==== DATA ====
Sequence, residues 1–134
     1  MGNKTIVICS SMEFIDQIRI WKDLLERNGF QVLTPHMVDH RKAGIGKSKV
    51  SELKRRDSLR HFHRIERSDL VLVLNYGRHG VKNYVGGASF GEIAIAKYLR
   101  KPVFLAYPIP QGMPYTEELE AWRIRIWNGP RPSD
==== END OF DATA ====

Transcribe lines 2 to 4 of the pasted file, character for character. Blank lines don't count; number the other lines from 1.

     1  MGNKTIVICS SMEFIDQIRI WKDLLERNGF QVLTPHMVDH RKAGIGKSKV
    51  SELKRRDSLR HFHRIERSDL VLVLNYGRHG VKNYVGGASF GEIAIAKYLR
   101  KPVFLAYPIP QGMPYTEELE AWRIRIWNGP RPSD